There’s just no stopping it. The capital amassed by private takeover firms is simply overwhelming. Any reasonable person could conclude that public utilities face wholesale changes in terms of...
Business & Money
see Robert Rosenberg, "Purchased Power: Risk Without Return?," , Feb. 15, 1996, p. 36.
Utility Business Risk:
The business risks of many utilities are increasing. Restructuring uncertainty, fuel price volatility, 1 the need for extensive capital expenditures for infrastructure improvement, the incurrence of large deferral amounts during a period of capped rates, potential increases in interest rates, 2 the requirement for significant environmental expenditures that raise costs but not output, the threat of terrorist activity, and, in some instances, risky provider-of-last-resort responsibilities all contribute to this heightened risk. The rating agencies, recognizing increased utility risk, have responded with significant bond downratings over the past few years. Standard & Poor's still lists nearly 40 percent of the electric utility industry as having a negative outlook; in sharp contrast, very few electric utilities have a positive outlook.
Business Versus Financial Risk
Financial analysts often dichotomize the risk of a firm into business risk and financial risk. Business risk reflects the operating risk of the firm and, in particular the risk that net operating income will not be as expected. Financial risk reflects the additional risk imparted to the firm by the presence of fixed-payment capital (i.e., debt). A firm can control, to some extent, its overall level of risk by adopting a more conservative capital structure (i.e., using more common equity) if its business risk is increased. Other things being equal, the more debt a company has, the greater financial risk for both common stockholders and debt holders. This is simply because debt represents a fixed cost that must be paid under any circumstance, or else a company may, in the extreme instance, be subject to bankruptcy.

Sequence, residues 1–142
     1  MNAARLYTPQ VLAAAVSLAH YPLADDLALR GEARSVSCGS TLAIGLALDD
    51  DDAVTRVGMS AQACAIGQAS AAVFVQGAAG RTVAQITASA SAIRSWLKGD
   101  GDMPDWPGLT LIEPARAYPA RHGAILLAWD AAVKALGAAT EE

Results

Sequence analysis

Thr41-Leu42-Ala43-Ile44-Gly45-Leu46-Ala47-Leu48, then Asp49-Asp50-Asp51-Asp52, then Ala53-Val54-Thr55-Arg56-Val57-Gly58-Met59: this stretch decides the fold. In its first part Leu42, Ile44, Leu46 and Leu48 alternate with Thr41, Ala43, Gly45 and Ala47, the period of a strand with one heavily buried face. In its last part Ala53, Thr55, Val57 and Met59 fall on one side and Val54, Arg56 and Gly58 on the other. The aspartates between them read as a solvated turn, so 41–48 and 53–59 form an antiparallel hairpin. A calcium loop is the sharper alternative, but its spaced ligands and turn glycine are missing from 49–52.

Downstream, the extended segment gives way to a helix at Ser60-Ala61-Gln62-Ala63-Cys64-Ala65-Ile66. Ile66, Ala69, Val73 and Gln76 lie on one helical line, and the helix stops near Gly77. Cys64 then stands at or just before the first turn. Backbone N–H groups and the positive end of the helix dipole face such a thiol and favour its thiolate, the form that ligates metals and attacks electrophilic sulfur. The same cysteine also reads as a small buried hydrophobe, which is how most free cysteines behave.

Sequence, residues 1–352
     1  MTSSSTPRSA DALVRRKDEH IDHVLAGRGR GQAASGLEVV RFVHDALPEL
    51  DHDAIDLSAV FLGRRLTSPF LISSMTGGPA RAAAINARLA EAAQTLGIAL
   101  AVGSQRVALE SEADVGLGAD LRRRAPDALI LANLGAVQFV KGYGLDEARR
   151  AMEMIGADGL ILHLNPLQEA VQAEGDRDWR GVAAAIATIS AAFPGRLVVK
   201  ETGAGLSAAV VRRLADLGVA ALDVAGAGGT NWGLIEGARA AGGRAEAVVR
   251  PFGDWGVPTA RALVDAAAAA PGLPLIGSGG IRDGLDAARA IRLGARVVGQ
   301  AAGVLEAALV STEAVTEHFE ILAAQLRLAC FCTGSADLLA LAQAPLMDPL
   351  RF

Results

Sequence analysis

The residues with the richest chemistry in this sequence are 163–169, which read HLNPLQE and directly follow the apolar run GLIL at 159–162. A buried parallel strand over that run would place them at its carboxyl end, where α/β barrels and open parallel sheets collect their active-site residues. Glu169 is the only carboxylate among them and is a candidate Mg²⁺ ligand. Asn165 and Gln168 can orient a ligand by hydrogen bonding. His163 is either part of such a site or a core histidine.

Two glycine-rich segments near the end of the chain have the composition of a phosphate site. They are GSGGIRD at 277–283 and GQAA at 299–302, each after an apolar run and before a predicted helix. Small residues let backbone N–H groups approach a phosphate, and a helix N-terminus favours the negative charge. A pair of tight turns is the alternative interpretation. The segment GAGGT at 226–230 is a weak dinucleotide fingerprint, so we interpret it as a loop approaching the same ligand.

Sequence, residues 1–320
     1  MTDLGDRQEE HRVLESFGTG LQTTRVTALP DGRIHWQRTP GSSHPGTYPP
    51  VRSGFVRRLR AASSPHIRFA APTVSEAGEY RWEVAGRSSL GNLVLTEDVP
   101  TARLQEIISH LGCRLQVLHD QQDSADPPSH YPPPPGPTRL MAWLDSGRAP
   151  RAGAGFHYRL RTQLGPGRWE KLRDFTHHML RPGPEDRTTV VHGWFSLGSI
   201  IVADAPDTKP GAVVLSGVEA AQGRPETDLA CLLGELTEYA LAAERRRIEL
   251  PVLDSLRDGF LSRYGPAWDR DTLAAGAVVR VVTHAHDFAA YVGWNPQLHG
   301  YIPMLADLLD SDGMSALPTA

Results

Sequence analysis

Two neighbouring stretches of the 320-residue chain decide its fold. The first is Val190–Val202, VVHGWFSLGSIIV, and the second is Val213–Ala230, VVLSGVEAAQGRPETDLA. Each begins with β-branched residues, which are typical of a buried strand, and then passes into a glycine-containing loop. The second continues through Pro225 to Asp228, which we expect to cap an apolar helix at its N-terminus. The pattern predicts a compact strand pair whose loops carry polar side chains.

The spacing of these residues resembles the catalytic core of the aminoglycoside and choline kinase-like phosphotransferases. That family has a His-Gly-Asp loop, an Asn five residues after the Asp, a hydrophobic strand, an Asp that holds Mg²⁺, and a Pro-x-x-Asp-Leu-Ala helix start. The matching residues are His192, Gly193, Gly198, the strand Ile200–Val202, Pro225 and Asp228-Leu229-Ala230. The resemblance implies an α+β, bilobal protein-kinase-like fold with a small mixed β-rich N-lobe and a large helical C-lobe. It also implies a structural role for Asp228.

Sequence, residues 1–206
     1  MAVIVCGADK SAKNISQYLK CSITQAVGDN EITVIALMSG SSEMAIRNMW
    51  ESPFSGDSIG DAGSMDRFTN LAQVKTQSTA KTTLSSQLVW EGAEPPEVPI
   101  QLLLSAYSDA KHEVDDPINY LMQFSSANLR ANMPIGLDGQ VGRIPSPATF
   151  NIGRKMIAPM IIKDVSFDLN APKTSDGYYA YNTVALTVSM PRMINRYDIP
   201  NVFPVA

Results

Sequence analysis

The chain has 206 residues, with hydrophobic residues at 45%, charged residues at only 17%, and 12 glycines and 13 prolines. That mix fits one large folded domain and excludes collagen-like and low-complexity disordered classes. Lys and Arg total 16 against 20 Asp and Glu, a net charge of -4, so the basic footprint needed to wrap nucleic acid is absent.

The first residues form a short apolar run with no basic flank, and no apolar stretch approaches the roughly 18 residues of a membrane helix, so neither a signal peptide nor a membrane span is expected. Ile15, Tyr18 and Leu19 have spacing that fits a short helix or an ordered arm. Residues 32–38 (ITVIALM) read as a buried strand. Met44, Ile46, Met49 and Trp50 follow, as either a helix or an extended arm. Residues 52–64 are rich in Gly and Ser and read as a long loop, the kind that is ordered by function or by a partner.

It is nearly universally agreed that investors require a higher rate of return for an investment in the common equity of a company than they do in its debt. This is so for two important reasons. First, if an enterprise fails, debt holders have priority over equity holders as to the remaining assets of the company. Second, for an ongoing business, debt holders must be paid their contractual level of interest before equity holders can receive anything. Because of this basic fact of financial life, companies may reduce their dividend payments to equity holders when under some financial strain. The cessation of payments to debt holders is a much more rare occurrence and will usually result in bankruptcy, unless corrected. In summary, debt is thought to be less risky than equity because debt holders have priority over equity holders as to: (1) distribution of assets in the case of dissolution of the company; and (2) distribution of earnings in the case of everyday operations. 3 Because equity holders "take second," they require a higher return than do debt holders.
In a more formal academic sense, employing the CAPM model, there are two indications why leverage leads to risk. First, beta is derived by dividing the covariance of market returns and the returns on the stock in question by the variance of the market. The covariance in the numerator, in part, reflects the standard deviation of returns of